On April 21, 1926, the city of London awoke to booming gun salutes celebrating the birth of a daughter to their Royal Highnesses the Duke and Duchess of York. The newborn Princess Elizabeth was then third in line to the British throne - after her still unmarried uncle, the Prince of Wales, and her father, the two eldest sons of King George V and Queen Mary. As such, she was hardly expected ever to inherit the throne. But British politician and diarist "Chips" Cannon (1897-1958) somewhat prophetically wrote, "I have a feeling the child will be Queen of England." Cannon's "feeling" famously came true. In 1936, the Prince of Wales would accede to the British throne as King Edward VIII and abdicate in less than a year, thus fulfilling his father's fearful prediction in a letter to Prime Minister Stanley Baldwin in 1934, “After I'm dead, the boy will ruin himself within 12 months.” Then, in 1952, after admirably leading the United Kingdom and the Commonwealth through the Second World War, King George VI died, at the relatively young age of 56, and was then indeed duly succeeded by his 25-year old daughter, Elizabeth II, who this year celebrates 70 years on the throne, her "Platinum Jubilee" - longer than the Austrian Kaiser Franz Josef's memorable reign of 68 years.
In these final years of her lengthy reign, Elizabeth II seems to have taken on some of the symbolic resonance of Emperor Franz Josef in his later years, when he functioned as the paternal symbol holding together his fractious multi-national family.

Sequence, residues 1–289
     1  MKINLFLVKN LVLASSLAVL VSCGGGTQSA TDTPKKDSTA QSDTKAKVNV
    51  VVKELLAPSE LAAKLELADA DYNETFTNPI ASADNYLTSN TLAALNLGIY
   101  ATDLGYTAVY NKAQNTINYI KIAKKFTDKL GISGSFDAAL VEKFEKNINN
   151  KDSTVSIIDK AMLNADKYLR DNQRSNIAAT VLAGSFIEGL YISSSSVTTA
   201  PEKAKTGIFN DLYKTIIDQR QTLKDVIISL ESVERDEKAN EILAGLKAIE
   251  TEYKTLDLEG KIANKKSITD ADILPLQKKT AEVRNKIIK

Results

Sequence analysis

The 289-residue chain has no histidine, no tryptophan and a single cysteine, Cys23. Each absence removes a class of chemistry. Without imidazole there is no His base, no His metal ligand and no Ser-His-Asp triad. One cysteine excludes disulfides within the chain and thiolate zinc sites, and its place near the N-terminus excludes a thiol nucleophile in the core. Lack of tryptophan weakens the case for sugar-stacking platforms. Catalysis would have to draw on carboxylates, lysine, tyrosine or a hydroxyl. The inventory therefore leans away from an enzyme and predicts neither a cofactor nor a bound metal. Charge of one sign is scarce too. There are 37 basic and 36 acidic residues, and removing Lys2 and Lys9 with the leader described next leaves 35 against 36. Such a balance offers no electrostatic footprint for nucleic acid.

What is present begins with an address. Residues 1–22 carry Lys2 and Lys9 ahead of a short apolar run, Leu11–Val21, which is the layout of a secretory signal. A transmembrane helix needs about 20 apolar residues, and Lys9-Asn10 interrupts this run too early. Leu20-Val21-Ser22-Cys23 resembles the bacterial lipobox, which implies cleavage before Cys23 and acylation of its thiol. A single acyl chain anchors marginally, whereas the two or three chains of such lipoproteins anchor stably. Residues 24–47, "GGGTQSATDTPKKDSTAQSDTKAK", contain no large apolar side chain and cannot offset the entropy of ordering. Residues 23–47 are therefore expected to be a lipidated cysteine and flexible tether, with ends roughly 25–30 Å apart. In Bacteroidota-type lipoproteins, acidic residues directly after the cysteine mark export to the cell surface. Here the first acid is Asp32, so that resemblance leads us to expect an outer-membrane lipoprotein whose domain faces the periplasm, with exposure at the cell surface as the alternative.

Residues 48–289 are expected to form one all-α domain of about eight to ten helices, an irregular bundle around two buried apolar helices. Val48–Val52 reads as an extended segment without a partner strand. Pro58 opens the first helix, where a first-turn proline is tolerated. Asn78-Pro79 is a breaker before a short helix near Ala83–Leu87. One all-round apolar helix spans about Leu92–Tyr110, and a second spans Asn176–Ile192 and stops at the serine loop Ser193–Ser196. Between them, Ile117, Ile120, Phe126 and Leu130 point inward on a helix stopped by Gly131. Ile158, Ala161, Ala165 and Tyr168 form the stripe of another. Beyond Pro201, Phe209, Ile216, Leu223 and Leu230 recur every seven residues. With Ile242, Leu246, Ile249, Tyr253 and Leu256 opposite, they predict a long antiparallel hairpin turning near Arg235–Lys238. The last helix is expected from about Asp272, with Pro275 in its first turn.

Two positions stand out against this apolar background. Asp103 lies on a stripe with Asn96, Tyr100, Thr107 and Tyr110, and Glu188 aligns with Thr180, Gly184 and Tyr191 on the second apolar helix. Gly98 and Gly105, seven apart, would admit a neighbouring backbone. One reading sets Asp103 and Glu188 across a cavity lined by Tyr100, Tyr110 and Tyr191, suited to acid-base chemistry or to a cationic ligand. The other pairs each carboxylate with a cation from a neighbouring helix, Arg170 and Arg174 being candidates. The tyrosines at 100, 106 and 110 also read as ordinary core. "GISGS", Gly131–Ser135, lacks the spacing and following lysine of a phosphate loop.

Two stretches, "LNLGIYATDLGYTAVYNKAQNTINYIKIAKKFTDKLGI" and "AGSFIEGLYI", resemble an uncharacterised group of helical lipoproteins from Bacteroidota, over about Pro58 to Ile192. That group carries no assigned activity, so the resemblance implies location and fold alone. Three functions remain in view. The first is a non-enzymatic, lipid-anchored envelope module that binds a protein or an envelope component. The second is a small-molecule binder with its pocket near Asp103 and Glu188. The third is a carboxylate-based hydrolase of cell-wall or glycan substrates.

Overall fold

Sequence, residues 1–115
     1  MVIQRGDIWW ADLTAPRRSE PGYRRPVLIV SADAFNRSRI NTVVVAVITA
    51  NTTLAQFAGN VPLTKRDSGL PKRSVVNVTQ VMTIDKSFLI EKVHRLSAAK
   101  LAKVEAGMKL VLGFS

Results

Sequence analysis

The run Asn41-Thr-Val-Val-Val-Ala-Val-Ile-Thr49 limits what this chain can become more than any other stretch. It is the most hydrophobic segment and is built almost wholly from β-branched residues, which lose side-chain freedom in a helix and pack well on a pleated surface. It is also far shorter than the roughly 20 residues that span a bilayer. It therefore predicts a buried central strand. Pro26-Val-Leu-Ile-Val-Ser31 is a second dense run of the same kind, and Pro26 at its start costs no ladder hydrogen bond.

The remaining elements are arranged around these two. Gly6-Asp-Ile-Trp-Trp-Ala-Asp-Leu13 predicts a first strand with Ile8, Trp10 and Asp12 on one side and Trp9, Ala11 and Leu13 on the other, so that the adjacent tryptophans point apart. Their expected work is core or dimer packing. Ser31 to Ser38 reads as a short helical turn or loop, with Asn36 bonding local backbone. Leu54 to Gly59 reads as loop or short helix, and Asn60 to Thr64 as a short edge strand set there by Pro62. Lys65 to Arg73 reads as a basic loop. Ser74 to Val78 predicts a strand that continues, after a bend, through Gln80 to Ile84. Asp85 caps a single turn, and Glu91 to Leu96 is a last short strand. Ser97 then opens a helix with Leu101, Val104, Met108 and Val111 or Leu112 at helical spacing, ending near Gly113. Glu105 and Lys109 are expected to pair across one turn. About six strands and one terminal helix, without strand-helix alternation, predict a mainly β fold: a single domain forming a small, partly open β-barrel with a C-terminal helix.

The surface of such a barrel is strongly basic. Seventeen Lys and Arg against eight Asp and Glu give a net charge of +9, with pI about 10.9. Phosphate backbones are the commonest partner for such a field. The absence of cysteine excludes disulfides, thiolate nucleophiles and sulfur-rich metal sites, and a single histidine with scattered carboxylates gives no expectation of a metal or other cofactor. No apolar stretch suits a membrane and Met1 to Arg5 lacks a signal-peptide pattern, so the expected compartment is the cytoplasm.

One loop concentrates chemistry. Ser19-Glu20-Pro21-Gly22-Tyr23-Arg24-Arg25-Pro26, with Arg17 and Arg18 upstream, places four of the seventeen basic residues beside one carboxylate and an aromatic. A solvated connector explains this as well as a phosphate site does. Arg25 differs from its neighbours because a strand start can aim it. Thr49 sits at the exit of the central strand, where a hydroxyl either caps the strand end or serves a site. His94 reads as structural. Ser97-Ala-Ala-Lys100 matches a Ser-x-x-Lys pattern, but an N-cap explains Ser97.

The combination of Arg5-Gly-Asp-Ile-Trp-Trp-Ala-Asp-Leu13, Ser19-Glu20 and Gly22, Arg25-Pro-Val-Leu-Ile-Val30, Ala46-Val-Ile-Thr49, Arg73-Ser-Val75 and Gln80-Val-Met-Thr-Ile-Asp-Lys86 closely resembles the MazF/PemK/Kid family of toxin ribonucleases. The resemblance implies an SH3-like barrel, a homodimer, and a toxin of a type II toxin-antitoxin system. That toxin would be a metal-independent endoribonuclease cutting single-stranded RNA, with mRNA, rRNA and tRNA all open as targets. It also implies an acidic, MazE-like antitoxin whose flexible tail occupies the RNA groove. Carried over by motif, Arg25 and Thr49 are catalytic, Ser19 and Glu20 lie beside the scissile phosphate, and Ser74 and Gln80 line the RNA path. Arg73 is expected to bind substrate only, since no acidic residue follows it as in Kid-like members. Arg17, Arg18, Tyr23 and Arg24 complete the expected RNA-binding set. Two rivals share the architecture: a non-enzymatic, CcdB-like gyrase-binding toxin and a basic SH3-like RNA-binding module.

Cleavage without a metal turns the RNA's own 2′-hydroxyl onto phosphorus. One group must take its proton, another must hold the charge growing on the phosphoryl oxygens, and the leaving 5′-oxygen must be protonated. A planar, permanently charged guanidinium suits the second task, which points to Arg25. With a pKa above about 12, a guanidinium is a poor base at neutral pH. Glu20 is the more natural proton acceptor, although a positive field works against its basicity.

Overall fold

Queen Elizabeth's Platinum Jubilee is a personal tribute to the important part she has played in British and Commonwealth life for these 70 years - through 14 British prime ministers, 13 U.S. presidents, and 7 Catholic popes. It should also be an act of gratitude for Britain's good fortune in having such a resilient institution as the Crown. (It is worth remembering how unsatisfactory the alternative American presidential system has proved. The newly independent United States replaced the British parliamentary model with a novel presidential one, which has seldom been adopted by authentically democratic states. Most European democracies, which in the 20th-century were deprived of their monarchies because of the vicissitudes of war, have nonetheless retained the parliamentary model rather than adopting the American presidential one.)
Queen Elizabeth is also, of course, the Supreme Governor of the Church of England. Even more importantly, she is personally a devout Christian whose life has been shaped by her sense of vocational commitment. Nowadays, we regularly lament the paucity of vocations to priesthood and religious life (and increasingly also to marriage and parenthood). There are, of course, many factors that contribute to this problem. But one factor for certain is simply the loss of a real sense of vocation itself, the idea that one's entire adult life be given over to a purpose greater than oneself and which is not about one's individual autonomy or personal choices. The Queen's lifelong commitment to her vocation, ritualized at her solemn coronation in Westminster Abbey 69 years ago today, has made her the most vivid exemplar of what it means not only to have a vocation but also to persevere in being guided by one's vocation for the long haul.
Thy choicest gifts in store/ On her be pleased to pour/ Long may she reign!